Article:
As of yesterday, that chart required an amendment.
As of yesterday, that chart required an amendment.
Our government loves numbers possibly because they (and those they are provided to) can be so easily manipulated.
Recently a friend got from the US Census website data going back to 1957 on public plans in New York and, for my benefit, New Jersey teachers that he put into a daunting spreadsheet from which I culled the important bits and added some pertinent columns to arrive at this spreadsheet which includes two of the scariest numbers (0.72% and 12.36%) and imparts a vital lesson (there was a time when our government had integrity).
Niel Palmieri was the Director of Facilities Management for Union County until his resignation a week ago. Last Wednesday he pled guilty to mail fraud and is looking at 46 to 56 months in prison for receiving between $120,000 and $200,000 over the last five years from vendors dealing with the county.
The question your typical panglossian voter would have is how did this guy think he could get away with this.
The question anyone with an unvarnished view of the workings of Union County government (me, for instance) would have is not whether this is a case of one bad apple but the one bad apple who got caught (though I would also be curious as to which vendor ratted – my guess is Birdsall).
But the question most of the people commenting on the story have is whether this criminal will keep his pension. Perhaps I can help with that one.
Somehow it has become a scandal when a retired government employee gets another public job that pays a salary. In an article out this week by New Jersey Watchdog the focus is on those retired on disability who get jobs working for the governor wherein state pension board member John Sierchio makes the point:
“These people are playing within the rules of the game. But the rules of the game are so absurd, they need to be changed.”
Exactly! Rules made up in essentially secret meetings based on advice from ‘experts’ paid to justify the needs of those who seek to benefit personally always seem to wind up over-benefiting those people who do pay attention (a cohort that excludes the general public and the media).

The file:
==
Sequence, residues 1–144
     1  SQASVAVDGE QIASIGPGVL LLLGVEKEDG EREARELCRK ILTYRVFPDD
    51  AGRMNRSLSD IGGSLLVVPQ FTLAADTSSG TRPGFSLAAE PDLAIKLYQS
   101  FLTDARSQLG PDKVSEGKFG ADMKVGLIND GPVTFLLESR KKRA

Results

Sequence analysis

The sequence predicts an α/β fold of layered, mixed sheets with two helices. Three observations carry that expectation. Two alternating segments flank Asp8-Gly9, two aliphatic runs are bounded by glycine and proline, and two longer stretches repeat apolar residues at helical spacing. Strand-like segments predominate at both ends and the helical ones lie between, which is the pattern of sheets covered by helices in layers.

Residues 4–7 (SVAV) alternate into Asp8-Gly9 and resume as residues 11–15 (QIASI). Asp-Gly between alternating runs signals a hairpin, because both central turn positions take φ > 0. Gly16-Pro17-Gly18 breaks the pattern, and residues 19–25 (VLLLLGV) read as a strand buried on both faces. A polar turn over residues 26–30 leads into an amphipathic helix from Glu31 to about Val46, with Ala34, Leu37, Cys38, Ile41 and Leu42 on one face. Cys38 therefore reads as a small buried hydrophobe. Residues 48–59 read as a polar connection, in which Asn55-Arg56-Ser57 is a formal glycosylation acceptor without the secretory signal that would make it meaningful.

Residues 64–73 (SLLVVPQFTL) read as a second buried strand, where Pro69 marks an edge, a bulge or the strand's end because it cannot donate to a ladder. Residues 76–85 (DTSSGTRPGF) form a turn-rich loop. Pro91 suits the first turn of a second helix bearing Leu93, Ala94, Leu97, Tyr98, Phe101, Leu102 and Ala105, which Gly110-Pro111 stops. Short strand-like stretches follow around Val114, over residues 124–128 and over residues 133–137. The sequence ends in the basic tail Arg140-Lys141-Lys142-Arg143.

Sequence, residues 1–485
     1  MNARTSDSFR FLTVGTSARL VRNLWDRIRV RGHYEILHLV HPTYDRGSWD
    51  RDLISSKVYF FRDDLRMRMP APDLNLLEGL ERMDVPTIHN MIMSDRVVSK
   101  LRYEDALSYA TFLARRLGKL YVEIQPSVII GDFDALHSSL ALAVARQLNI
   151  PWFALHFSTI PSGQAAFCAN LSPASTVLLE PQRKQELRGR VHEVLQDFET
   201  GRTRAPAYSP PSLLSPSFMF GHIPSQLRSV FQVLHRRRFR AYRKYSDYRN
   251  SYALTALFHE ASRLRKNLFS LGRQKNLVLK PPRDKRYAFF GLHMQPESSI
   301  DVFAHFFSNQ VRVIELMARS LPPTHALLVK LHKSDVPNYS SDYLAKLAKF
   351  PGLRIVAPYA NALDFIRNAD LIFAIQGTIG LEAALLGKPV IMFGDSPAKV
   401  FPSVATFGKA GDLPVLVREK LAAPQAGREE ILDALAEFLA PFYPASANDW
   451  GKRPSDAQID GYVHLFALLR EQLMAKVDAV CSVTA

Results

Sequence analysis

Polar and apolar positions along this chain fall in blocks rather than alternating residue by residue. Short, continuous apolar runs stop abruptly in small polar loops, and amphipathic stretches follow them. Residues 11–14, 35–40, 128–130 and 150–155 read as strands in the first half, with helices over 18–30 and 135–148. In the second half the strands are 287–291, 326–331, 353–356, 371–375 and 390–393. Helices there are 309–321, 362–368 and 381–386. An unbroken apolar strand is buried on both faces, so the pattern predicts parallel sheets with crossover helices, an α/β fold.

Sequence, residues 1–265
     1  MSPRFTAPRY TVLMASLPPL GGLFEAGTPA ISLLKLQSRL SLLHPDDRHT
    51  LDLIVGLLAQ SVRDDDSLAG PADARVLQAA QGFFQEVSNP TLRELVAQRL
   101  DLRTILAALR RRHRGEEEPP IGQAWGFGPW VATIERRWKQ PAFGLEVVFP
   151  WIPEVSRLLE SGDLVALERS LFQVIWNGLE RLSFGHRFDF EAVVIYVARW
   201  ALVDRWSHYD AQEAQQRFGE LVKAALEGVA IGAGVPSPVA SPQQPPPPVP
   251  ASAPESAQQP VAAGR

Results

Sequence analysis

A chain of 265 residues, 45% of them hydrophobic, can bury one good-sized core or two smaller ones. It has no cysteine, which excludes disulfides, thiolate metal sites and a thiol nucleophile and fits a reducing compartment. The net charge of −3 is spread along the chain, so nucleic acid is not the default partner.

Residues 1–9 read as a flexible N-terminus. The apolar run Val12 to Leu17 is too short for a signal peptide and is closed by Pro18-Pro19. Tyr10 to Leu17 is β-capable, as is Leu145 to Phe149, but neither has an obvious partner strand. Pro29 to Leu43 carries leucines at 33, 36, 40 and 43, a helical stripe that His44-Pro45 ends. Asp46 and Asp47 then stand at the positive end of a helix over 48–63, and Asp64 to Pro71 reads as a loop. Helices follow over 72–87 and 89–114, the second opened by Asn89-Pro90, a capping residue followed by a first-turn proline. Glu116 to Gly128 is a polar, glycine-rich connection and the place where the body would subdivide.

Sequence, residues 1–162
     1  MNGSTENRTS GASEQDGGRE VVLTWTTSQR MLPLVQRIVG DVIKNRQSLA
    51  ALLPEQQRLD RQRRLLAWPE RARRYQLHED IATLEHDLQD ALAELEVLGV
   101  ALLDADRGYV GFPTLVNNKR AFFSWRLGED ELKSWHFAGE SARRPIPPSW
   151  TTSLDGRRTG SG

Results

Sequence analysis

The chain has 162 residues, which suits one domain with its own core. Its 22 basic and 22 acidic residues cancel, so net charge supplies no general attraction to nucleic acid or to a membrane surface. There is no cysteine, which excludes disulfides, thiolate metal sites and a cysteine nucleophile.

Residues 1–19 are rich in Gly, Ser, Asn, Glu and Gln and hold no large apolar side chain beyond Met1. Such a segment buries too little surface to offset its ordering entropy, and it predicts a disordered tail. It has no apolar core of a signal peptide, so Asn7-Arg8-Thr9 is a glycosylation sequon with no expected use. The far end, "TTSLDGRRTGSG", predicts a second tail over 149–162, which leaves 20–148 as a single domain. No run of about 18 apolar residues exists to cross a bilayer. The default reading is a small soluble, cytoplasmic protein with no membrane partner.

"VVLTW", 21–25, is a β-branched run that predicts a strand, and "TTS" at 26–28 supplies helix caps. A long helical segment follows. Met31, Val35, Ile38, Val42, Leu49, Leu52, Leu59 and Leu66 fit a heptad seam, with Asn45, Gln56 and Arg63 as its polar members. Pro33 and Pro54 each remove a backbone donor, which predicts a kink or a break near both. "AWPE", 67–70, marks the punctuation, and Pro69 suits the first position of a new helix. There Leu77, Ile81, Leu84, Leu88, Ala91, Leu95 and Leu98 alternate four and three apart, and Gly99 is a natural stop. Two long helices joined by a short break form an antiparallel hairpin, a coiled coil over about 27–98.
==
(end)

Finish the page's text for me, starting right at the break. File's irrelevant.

But once we have the rules then why vilify someone who plays by them and gets a windfall? Do you attack trial lawyers who get 40% of an injury settlement? Or TPAs who get 20 basis points for a 5-life-plan that happens to hold $10 million primarily from a DB rollover? Or Alex Rodriguez?
But I could be wrong. So noticing that the list of New Jersey retirees had been updated to June, 2013 I decided to search through pension records of Union County Freeholders to see if there was anything particularly irksome.
Buck Consultants (Buck) screwed up again. This time it was the Teachers’ Retirement System of Illinois (TRS) where in May they did a study that projected savings of $130.74 billion from Senate Bill 1 but now they say the savings will really be only $106.25 billion due to “a mechanical error in the spreadsheet summarizing the results.” In a letter to the members of the First Conference Committee on Senate Bill 1 the Executive Director of the TRS threw Buck under the bus:
I sincerely apologize for this error. As noted above Buck has reviewed its other analyses and no change is required to any other information that you have received from TRS. TRS staff is working closely with Buck to ensure adequate quality control on their work, including adding an additional level of review. We value the trust that the General Assembly and this conference committee has placed in TRS to provide sound analysis. We will do everything possible to ensure that we continue to deserve that trust.
But who’s to say that Buck’s original estimate won’t turn out to be closer to reality?
My guess is that as early as this week 20,000 retirees in Detroit’s two retirement systems will have their pensions reduced by a flat percentage (25%) with a cap ($50,000 annually?) and no reductions for de minimus amounts (under $10,000 annually?) so that part of the pension trust fund can be used to repay bondholders.
The Detroit Free Press editorialized today against any benefit cuts since retirees were not to blame but failed to finger any culprit. I will.
The June 30, 2012 valuation for the Detroit Police and Fire Retirement System is out* and it claims that the system is 96.1% funded with $3,675,459,604 in assets to cover $3,822,676,002 in liabilities, an enviable ratio for most public pension plans these days. So why the need for cuts? What’s the problem?
Basically that the valuation is a joke. It doesn’t honestly value the pension liabilities it recognizes while ignoring others and pretends to have more money than it reports is in the plan. What they try to hide:
The June 30, 2012 actuarial valuation report for the Detroit Police and Fire Retirement System is out. The financial report for the Detroit General Retirement System is also out but the latest actuarial valuation for them is as of June 30, 2011 so, to make better comparisons, I start with the 6/30/11 actuarial report for PFRS also. Based on these official numbers Detroit had one of the better funded public retirement systems in the country with a combined funded ratio of 91.4%. However, as I have been doing for the New Jersey plans, here’s how I see those numbers translating to reality: